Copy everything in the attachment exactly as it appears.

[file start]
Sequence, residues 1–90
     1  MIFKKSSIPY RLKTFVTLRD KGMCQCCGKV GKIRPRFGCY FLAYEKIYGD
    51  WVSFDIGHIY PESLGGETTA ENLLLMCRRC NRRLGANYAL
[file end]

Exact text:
Sequence, residues 1–90
     1  MIFKKSSIPY RLKTFVTLRD KGMCQCCGKV GKIRPRFGCY FLAYEKIYGD
    51  WVSFDIGHIY PESLGGETTA ENLLLMCRRC NRRLGANYAL